Lastly and perhaps most importantly, we learn to respect people and their autonomy by being respected ourselves; by being given the freedom to explore our own thoughts and feelings and to live in the way that we find most rewarding. We learn to express ourselves freely with less fear of being bullied or ostracised, and we respect and defend others’ rights to do the same.
…deal with the world of work?
In many ways this is a very similar question to the main ‘how will they learn to deal with the real world?’ question, and so it overlaps a lot with my other answers, but I wanted to talk about it specifically too.
People that were home educated deal with any of the more tedious aspects of the work they go on to do (getting up early, sticking with a routine, doing uninspiring work, etc.) because, although they may not be conditioned to work in that way, they understand that doing that is a necessary part of whatever they’re trying to achieve (earning money, gaining experience, etc.) and are used to making informed choices and discipling themselves to follow them. As an example, I’m really, really not a morning person and never have been, but I spent a fair bit of time before applying to university volunteering on farms, which included some very early mornings in addition to a lot of hard, repetitive work that I wasn’t used to doing, but I was doing the work as a means to achieve something important to me, and so I adapted to it.
In a similar way, although I and many of the home educated young people I grew up around aren’t as used to following orders as our school peers, we are able to recognise when doing so, even from people we don’t much like, is in our interests or the interests of the project that we’re working on.
I also think it’s worth thinking about the fact that children in education at the moment will be working into the latter half of this century, and that many of them will be doing jobs that don’t yet even exist, based on social change that we can’t fully predict. An increasing number of routine and manual jobs are becoming automated, which is likely to leave more people doing the work that can’t as easily be automated – in short, work that requires critical thinking, collaboration, and connecting different areas of thought in order to innovate creatively. In other worlds, with information now both more readily available and more conflicting than ever before, what is increasingly more valuable than remembering information is knowing how to go about researching for information, how to think critically about and evaluate the information that you find, and how to use that information creatively. In my opinion the current style of mainstream education, which still focuses strongly on the memorisation of key facts and procedures, isn’t doing as much as it needs to be to develop those analytical and creative skills.
‘I want to home educate, but I’m scared that…’
This isn’t exactly a question, but I wanted to respond to it because I think it’s something also everyone considering home ed feels – the fear that it might be the wrong choice. There’s a few ways of thinking of things that I’ve known some people to find helpful/encouraging, and these are some –
- Home ed may be the wrong choice, but so may school. Education is legally the parents’ responsibility first and foremost, and parents can choose to delegate that responsibility to a school if they want to, but either decision is a risk in its own way. I think home educating often seem like the riskier option just because not as many people are doing it, when really it’s just less conventional.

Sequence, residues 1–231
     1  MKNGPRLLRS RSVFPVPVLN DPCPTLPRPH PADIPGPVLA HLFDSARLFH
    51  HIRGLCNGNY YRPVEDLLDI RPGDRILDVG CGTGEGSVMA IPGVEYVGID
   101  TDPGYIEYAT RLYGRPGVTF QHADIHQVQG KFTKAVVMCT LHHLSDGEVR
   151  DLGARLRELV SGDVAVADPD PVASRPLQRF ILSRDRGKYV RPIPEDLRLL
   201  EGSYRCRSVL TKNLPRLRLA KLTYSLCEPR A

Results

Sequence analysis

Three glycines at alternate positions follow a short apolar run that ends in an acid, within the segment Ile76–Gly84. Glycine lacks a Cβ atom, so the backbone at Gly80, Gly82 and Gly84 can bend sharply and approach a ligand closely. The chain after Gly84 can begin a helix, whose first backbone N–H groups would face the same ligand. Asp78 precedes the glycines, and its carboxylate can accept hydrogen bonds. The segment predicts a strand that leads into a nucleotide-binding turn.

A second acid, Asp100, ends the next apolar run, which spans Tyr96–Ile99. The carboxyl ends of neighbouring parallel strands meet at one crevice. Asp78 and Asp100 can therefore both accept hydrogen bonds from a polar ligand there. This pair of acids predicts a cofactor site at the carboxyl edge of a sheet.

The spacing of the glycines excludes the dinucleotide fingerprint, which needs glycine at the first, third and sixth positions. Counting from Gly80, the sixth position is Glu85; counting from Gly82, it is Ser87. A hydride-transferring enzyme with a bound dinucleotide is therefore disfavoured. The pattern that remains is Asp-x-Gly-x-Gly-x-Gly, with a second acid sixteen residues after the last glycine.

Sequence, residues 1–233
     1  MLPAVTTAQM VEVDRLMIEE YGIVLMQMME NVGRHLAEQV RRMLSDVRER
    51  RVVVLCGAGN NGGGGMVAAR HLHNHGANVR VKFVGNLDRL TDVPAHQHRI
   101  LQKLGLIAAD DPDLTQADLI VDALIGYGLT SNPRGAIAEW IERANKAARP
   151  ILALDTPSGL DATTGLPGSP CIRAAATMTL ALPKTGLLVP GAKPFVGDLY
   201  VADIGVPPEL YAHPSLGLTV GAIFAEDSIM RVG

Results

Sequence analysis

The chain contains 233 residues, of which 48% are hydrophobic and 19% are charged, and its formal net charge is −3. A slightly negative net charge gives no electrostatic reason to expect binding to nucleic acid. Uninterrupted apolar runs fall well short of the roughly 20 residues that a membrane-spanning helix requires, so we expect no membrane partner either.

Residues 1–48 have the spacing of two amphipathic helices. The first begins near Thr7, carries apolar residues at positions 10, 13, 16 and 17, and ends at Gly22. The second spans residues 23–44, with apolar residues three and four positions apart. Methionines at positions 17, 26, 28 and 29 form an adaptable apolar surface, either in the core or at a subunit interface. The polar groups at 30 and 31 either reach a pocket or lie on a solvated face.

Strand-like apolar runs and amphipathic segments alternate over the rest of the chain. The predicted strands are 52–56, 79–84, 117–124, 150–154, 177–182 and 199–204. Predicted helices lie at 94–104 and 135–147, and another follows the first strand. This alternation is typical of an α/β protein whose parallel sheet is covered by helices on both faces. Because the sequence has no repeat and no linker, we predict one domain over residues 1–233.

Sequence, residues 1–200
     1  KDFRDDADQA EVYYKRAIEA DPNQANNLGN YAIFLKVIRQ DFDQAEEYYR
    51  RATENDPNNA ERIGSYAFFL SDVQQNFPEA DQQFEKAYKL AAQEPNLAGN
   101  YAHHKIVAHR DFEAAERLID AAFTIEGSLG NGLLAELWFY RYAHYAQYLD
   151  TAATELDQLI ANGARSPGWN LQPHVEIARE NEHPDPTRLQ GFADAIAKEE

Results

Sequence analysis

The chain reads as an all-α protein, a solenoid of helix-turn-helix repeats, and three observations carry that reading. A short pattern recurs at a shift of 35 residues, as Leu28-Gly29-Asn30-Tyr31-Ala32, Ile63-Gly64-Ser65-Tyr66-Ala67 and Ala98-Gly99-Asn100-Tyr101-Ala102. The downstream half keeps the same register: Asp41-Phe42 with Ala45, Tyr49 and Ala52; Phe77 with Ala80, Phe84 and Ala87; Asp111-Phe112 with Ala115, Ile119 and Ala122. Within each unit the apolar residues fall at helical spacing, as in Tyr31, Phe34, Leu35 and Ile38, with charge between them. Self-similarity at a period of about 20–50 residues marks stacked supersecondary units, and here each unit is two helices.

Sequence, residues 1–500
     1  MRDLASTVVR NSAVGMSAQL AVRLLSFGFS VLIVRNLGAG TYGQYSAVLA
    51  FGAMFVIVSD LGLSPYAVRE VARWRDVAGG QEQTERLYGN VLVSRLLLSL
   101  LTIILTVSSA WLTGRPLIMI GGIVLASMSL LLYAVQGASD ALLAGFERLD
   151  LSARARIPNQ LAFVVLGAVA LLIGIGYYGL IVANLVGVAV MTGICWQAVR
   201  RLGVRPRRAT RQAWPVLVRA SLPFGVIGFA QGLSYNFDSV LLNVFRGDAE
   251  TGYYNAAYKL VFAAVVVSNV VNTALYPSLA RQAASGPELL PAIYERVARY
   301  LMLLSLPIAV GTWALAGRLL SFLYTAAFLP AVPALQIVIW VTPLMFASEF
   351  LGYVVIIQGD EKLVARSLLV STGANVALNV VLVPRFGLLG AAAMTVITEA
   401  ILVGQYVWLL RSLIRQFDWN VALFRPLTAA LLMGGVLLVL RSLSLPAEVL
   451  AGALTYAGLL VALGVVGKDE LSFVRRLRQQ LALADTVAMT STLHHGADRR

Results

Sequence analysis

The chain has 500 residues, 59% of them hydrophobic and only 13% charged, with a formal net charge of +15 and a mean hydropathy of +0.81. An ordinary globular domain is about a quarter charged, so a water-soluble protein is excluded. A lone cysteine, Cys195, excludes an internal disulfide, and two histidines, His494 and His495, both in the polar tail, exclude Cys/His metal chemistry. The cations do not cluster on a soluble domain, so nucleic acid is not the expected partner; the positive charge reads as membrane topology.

- If your child is already really struggling in school, then while you do know how well home ed will work, you do know that school isn’t working for them.
- Home education doesn’t have to be a permanent decision, and if you or your child decides at any point that school would be a better option, you have the freedom to return to the school system. Many families start off home edding by thinking of it as a ‘trial year’ to see how things go, and some others home ed for primary school with the intention of their children going to secondary school
- Studying can be done and exams can be taken at any point (including as a home educated teen and as an adult learner in later life), but rebuilding your mental health is a much, much harder thing to do. It’s also very difficult to really concentrate and learn if you’re very anxious or otherwise struggling. For these reasons and more, I think mental health should always take priority over formal schooling.
- It is quite common for professionals to advise against home ed, and people often find it daunting to go against their advice, but it’s worth bearing in mind that very often the advice is based more on stereotypes of home ed than any real knowledge or experience. You may not be an expert, but you are THE expert on your own child.
Where can I find out more?
These websites are good starting points – they all have a FAQ section, and lots of other valuable info. The Education Otherwise site also has a directory of local groups, which can be a good starting point for finding out what’s local to you.
Education Otherwise – https://www.educationotherwise.org/
Educational Freedom – http://educationalfreedom.org.uk/
Home Education UK – http://www.home-education.org.uk/
These UK wide Facebook groups are all good ones to join (UK Home Education has lots of useful stuff in the files, including a template deregistration letter). It’s also a good idea to look for groups local to your area, to get an idea of what’s going on near you (if you’re struggling to find one, ask in one of the UK wide groups – they’ll very often be someone that knows of one).
Home Education UK FB Forum – https://www.facebook.com/groups/HEUKForum/
UK Home Education – https://www.facebook.com/groups/UKHed/
Education Otherwise – https://www.facebook.com/groups/EducationOtherwise/
I’m going to put a list of some of my other favourite articles/blogs/talks/etc. below – most of these aren’t really starting points for factual info (although they do give an insight into some of the different ways that education can work), but they can be good for getting a deeper understanding of education, and a sense of how alternative education can work. Some of them also might be very encouraging to anyone wanting to home ed but needing some assurance that it’s the right thing for them.
A very popular TED talk about (the lack of) creativity in the school system, and some of the problems it causes – https://www.youtube.com/watch?v=iG9CE55wbtY
A brilliant blog by an unschooling parent –
And an equally brilliant blog by a young person that was unschooled –
A blog by an evolutionary psychologist and advocate of self-directed, autonomous education –
An amazing TED talk given by a young, alternatively educated person – https://www.youtube.com/watch?v=h11u3vtcpaY
A very passionate and insightful rap about some of the flaws in the curriculum and what it does (and doesn’t) cover – https://www.youtube.com/watch?v=8xe6nLVXEC0
A beautiful video that explores some of the faults in the current education system using the metaphor of an ‘animal school’ – https://www.youtube.com/watch?v=o8limRtHZPs
Some long but beautifully insightful essays on children, learning and education – http://carolblack.org/